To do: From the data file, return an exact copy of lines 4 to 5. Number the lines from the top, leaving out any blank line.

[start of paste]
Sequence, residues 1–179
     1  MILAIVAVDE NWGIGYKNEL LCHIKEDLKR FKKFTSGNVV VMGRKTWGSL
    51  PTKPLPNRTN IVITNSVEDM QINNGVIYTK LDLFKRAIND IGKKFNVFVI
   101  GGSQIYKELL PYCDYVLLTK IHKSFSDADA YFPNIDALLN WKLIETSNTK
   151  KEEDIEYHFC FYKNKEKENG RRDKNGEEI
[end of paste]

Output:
   101  GGSQIYKELL PYCDYVLLTK IHKSFSDADA YFPNIDALLN WKLIETSNTK
   151  KEEDIEYHFC FYKNKEKENG RRDKNGEEI